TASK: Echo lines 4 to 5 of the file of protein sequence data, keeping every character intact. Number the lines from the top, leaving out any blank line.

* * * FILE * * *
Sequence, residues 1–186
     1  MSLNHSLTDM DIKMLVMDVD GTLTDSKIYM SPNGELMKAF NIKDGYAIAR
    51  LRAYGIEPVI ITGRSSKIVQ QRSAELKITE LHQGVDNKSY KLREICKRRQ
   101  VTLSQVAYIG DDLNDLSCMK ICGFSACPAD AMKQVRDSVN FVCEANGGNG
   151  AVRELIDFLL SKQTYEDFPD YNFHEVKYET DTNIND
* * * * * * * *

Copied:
   101  VTLSQVAYIG DDLNDLSCMK ICGFSACPAD AMKQVRDSVN FVCEANGGNG
   151  AVRELIDFLL SKQTYEDFPD YNFHEVKYET DTNIND